Where the Wild Things Are... by Ann Luloff

So what is it I am seeing out there, in the still frozen woods? In a single word....trees. Before all the other vegetation fills in, it is a perfect time to really see the trees. Figuring out what kind they are works for those that have dropped their leaves on the forest floor under them. The oaks are the easiest. Northern pin oak, white oak, red oak, and burr oak are common throughout the village. Ironwood and tamarack, the perpetual Eastern Red Cedar.

There are 35 species of trees that are native to Todd County. These would be trees that would have been here when the first European settlers arrived. I am currently at 15 species, with the rest waiting for leaves to pop out for positive identification.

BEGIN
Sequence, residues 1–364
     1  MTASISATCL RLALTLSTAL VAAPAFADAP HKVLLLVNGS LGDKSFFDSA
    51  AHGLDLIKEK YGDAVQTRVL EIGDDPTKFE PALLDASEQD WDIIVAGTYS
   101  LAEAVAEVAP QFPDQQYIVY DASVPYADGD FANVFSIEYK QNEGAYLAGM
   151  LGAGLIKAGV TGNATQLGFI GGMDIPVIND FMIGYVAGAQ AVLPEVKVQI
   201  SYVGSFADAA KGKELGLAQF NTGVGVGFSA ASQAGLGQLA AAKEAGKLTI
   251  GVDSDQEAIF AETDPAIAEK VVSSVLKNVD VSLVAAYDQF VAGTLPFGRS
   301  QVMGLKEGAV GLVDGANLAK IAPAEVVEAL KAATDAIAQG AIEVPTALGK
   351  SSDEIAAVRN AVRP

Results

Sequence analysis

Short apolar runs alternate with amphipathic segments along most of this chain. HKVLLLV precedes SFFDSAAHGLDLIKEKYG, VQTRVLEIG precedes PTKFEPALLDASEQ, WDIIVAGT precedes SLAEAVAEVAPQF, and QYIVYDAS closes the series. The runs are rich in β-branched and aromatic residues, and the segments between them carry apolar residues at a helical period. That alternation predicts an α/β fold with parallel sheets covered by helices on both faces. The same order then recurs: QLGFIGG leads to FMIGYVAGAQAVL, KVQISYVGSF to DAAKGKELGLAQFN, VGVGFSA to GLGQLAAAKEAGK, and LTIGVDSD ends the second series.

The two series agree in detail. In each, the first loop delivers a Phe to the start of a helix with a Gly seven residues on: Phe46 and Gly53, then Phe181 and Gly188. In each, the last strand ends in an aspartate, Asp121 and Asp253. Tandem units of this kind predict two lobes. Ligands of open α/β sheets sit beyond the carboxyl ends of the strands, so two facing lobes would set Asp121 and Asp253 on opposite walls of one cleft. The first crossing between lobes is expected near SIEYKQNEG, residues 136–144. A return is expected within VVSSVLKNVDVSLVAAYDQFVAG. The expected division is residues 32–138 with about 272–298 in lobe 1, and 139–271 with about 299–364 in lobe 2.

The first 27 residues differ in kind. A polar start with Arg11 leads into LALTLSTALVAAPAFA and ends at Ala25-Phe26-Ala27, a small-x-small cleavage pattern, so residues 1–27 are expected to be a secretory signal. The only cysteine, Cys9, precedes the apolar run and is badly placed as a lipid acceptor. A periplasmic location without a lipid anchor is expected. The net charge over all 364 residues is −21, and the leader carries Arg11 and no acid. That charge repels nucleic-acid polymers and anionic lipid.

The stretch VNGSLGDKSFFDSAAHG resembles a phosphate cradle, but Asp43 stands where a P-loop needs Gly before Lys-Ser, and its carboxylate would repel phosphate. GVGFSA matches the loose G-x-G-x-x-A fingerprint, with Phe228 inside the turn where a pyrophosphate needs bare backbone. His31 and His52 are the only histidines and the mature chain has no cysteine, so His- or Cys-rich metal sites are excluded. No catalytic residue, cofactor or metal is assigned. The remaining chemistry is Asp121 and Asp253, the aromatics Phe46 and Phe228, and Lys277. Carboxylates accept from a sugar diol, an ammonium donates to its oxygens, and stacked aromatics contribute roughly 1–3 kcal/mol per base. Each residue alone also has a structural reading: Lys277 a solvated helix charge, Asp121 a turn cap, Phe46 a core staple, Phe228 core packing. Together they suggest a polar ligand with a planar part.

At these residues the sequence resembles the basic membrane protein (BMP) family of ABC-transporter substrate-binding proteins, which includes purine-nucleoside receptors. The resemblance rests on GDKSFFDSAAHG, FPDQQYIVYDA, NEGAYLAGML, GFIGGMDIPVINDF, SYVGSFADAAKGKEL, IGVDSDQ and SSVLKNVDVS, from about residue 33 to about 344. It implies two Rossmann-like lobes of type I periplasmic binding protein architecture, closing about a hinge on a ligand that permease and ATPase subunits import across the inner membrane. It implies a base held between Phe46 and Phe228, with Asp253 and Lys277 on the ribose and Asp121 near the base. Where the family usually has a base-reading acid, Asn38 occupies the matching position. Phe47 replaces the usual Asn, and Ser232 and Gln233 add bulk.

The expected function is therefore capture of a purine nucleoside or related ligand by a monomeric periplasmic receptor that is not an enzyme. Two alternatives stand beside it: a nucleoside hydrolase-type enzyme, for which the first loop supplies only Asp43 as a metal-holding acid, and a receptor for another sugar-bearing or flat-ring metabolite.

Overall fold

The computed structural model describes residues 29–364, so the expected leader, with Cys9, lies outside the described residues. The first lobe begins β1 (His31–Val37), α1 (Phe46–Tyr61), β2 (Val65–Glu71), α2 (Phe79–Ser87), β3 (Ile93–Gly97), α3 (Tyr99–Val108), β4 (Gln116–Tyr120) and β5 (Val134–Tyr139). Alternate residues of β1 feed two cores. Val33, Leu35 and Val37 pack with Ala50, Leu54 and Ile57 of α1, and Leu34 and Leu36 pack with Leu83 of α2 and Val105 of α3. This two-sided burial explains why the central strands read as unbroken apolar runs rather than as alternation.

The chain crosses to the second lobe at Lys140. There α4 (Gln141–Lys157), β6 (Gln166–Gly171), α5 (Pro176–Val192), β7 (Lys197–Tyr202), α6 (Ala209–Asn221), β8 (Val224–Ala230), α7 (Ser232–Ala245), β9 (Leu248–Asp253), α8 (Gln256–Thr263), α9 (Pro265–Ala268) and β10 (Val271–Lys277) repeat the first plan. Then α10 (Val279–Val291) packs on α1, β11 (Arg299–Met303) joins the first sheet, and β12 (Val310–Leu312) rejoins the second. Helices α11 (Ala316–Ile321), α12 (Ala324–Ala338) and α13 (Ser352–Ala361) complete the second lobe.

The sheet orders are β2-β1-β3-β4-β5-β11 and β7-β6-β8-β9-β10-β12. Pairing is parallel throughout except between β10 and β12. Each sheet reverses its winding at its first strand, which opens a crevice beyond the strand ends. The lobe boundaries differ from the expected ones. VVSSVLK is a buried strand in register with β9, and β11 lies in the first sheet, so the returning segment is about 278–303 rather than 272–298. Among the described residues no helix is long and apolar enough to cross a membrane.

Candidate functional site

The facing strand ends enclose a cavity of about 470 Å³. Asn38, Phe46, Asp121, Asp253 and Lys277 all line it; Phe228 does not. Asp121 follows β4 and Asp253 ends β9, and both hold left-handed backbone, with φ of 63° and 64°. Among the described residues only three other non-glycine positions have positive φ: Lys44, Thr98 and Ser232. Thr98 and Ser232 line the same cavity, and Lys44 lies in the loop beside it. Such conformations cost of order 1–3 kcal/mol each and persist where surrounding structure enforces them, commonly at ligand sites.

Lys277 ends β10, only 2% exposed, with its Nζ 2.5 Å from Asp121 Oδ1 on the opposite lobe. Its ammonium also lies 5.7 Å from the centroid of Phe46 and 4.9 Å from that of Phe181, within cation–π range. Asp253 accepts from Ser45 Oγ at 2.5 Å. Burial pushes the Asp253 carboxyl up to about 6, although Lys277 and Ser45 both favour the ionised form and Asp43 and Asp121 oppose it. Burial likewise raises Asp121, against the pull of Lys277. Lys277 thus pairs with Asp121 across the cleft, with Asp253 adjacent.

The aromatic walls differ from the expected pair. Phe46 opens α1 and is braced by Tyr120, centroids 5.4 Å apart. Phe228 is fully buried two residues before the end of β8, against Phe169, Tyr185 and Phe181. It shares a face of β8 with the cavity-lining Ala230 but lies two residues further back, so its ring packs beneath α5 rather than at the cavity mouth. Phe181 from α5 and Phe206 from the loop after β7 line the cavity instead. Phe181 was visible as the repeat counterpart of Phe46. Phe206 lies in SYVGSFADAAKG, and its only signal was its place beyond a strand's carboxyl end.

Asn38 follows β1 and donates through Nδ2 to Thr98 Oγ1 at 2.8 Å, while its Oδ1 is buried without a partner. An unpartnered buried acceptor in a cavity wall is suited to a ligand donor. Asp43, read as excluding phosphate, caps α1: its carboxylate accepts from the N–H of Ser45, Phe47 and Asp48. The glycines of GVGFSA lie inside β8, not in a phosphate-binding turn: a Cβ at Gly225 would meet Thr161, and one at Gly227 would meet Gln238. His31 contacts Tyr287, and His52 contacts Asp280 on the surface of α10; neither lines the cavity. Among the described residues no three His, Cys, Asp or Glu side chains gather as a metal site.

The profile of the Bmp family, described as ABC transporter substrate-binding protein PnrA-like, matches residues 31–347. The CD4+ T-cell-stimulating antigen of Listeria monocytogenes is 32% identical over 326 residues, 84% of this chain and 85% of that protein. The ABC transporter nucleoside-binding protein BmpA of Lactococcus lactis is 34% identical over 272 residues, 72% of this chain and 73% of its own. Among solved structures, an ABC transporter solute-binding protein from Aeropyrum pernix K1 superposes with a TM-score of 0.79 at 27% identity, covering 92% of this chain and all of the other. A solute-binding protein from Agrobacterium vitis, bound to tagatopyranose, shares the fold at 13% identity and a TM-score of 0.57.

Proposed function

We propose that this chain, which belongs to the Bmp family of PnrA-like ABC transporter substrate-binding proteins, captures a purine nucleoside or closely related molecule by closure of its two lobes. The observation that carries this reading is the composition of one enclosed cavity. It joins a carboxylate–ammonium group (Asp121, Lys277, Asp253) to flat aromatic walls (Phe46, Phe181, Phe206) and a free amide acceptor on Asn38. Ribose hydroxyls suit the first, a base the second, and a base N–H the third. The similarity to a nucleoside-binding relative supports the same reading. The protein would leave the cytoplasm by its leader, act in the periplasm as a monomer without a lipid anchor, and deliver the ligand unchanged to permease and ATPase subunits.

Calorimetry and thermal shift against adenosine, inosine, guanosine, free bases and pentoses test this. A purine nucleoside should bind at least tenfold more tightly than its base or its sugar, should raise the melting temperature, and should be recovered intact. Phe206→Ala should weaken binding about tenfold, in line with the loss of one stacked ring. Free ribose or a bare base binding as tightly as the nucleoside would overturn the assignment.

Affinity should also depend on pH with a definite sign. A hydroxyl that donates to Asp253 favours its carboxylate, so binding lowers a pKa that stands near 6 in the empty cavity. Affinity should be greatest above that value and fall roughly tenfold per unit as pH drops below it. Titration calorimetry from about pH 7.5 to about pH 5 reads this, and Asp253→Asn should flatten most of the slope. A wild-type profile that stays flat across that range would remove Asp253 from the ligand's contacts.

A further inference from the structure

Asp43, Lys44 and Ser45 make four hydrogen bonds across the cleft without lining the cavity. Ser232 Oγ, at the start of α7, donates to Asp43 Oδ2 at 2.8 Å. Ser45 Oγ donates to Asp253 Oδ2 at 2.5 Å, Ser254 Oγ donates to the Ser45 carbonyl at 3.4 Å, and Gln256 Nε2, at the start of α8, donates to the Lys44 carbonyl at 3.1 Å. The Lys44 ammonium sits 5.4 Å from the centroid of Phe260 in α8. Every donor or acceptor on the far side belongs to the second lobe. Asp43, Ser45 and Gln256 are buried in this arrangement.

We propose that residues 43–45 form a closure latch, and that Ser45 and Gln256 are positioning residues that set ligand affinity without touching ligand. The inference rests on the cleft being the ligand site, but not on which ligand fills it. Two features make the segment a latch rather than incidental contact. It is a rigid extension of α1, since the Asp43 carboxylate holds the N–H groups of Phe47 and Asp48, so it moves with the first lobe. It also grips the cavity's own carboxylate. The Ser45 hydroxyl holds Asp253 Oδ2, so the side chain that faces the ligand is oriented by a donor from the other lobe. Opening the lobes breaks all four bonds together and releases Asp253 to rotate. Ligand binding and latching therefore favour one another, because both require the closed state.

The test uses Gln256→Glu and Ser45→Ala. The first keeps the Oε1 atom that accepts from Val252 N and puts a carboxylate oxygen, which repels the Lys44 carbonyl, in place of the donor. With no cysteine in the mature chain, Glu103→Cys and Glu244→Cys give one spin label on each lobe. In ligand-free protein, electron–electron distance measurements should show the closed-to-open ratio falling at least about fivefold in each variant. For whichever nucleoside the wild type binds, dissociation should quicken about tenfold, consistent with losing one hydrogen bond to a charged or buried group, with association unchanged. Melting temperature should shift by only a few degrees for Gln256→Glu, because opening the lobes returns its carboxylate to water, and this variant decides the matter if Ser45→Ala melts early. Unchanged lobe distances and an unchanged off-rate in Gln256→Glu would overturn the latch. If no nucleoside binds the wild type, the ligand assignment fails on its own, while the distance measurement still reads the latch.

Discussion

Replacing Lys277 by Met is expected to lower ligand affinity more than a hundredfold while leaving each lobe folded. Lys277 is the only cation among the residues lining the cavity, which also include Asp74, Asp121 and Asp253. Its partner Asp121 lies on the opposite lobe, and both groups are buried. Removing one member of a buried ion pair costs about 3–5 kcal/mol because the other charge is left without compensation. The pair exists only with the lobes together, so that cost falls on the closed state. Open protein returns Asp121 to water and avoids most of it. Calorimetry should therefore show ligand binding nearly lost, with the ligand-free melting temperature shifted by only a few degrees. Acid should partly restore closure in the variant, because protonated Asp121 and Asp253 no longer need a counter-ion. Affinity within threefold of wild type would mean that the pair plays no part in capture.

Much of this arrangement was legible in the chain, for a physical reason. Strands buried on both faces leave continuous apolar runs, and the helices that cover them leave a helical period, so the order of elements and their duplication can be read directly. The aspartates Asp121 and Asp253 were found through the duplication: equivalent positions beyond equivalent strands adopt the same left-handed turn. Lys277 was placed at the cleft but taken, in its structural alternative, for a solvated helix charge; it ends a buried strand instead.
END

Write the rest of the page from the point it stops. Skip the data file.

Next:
As I go through the woods, looking at trees, one of the things I do is measure the diameter. Different types of trees grow at different rates, and end up at very different sizes. I am looking for the largest of each species in the Village. There are some "big" trees out there! Ironwood is supposed to grow to 12" in diameter, and I have found one that is 14.5"! I found a Pin Oak that is at it's upper size at 18". There are tamaracks by the marl ponds that are approaching top size, and I would love to get a slice of a trunk (of an already dead tree) to count the rings. I wonder if they are actually very old, or just fast growing. It will be interesting to see what the biggest tree in the village ends up being!

The first green growing vegetation observed by me in the woods is Motherwort (leonurus cardiaca). A member of the mint family, it is valued by herbalists. Unfortunately, it is an invasive species, escaped from gardens. Just how wide spread it is, is yet to be seen.

With warmer temps, spring will creep through the forests and field, new things sprouting up all over. Green is coming!